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Fed Prez Hoenig Breaks From Bernanke: "Let Insolvent Banks Fail" 

In a sign of potential discord among the Federal Reserve regional bank presidents, Kansas City Fed Chief Thomas Hoenig testified this morning before the Joint Economic Committee of Congress that 'too big to fail' is false.  This is in distinct contrast with Fed Chairman Bernanke's stated objective of not allowing any large bank failures, though it seems likely B-52's statements on 60 minutes were meant to allay fears more than define policy.

Economists Simon Johnson and Joseph Stiglitz testified alongside Hoenig before the JEC, and their comments echoed those of the Fed Governor.  More on today's testimony can be found in this outstanding summary piece from the Huffington Post.

Below are a few gems from Hoenig's prepared statement; he becomes a voting member of the Fed next year.

"The United States currently faces economic turmoil related directly to a loss of confidence in our largest financial institutions because policymakers accepted the idea that some firms are just 'too big to fail.' I do not."

"Yes, these institutions are systemically important, but we all know that in a market system, insolvent firms must be allowed to fail regardless of their size, market position or the complexity of operations."

"The use of anti-trust (laws) to break up the largest banks will be essential, this is a very serious, imminent danger that needs to be addressed."

"Actions that strive to protect our largest institutions from failure risk prolonging the crisis and increasing its cost."

"Of particular concern to me is the fact that the financial support provided to firms considered "too big to fail" provides them a competitive advantage over other firms and subsidizes their growth and profit with taxpayer funds."

"These "too big to fail" institutions are not only too big, they are too complex and too politically influential to supervise on a sustained basis without a clear set of rules constraining their actions. When the recession ends, old habits will reemerge."

"In the rush to find stability, no clear process was used to allocate TARP funds among the largest firms. This created further uncertainty and is impeding recovery."

From HuffPo:

Hoenig declined to specify which banks he was referring to. "I won't say who of the four are insolvent/should be taken in, but I will say if any of the four have insufficient capital to manage their circumstance," he said, "then the government should take a supervisory position."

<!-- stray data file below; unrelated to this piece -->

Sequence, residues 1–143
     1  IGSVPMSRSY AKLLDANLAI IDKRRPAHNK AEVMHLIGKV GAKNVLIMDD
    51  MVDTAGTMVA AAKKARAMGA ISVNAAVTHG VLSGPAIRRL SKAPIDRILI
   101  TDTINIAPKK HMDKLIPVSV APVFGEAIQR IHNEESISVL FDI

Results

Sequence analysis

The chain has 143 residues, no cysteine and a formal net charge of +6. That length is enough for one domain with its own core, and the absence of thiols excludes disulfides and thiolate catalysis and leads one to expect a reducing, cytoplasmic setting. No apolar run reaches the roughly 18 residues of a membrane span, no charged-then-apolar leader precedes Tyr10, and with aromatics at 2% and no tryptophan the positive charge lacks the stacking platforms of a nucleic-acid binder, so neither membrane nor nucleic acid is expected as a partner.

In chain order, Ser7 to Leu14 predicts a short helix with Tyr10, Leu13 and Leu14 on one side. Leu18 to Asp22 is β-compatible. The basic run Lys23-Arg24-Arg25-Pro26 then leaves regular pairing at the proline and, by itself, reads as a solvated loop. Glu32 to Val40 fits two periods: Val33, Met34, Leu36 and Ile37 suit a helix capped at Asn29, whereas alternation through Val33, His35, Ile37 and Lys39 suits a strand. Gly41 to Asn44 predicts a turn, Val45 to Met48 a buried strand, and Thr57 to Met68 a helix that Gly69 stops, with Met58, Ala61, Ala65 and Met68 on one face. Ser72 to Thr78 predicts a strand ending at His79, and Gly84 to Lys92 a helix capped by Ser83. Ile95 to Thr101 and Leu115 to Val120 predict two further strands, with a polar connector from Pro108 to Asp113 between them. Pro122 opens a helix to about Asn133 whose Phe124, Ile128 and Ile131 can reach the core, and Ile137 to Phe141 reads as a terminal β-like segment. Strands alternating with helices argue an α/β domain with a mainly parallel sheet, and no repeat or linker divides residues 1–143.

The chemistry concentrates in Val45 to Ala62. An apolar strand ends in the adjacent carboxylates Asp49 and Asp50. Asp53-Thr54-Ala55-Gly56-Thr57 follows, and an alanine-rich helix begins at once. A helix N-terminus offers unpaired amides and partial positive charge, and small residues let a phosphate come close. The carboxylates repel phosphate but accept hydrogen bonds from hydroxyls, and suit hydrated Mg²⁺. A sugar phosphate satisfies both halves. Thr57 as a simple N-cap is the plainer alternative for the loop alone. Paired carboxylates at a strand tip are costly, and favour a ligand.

From Paul Jackson at Housing Wire:

"In surprisingly blunt criticism of both the government and his colleagues, Federal Reserve Bank of Kansas City chief Thomas Hoenig argued that “insolvent firms must be allowed to fail regardless of their size, market position or the complexity of operations.” His Congressional testimony Tuesday morning to the Joint Economic Committee provided some of the strongest criticism of the government bailout yet by any major figure within the Federal Reserve."


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Reader Comments (4)

Apr 21, 2009 at 8:06 PM | Unregistered CommenterJames H
Wow! I am truly shocked. Even members of the Fed are now breaking rank. Maybe Hoenig's conscience is operational after all. He is even closer to industry insiders than Stiglitz and risks more.

Respect Mr. Hoenig. Respect. Though you probably won't be getting invited to many holiday parties, confirmations or bar mitzvahs this year.
Apr 21, 2009 at 8:52 PM | Unregistered Commenterspideydouble
Should we de-TARP the banks or let the government permanently control the financial system? Art Laffer, of Laffer Investments; Bill Seidman, fmr. FDIC chairman; Peter Morici, U. of Maryland professor; and Larry Kudlow discuss.

Apr 21, 2009 at 11:43 PM | Registered CommenterDailyBail

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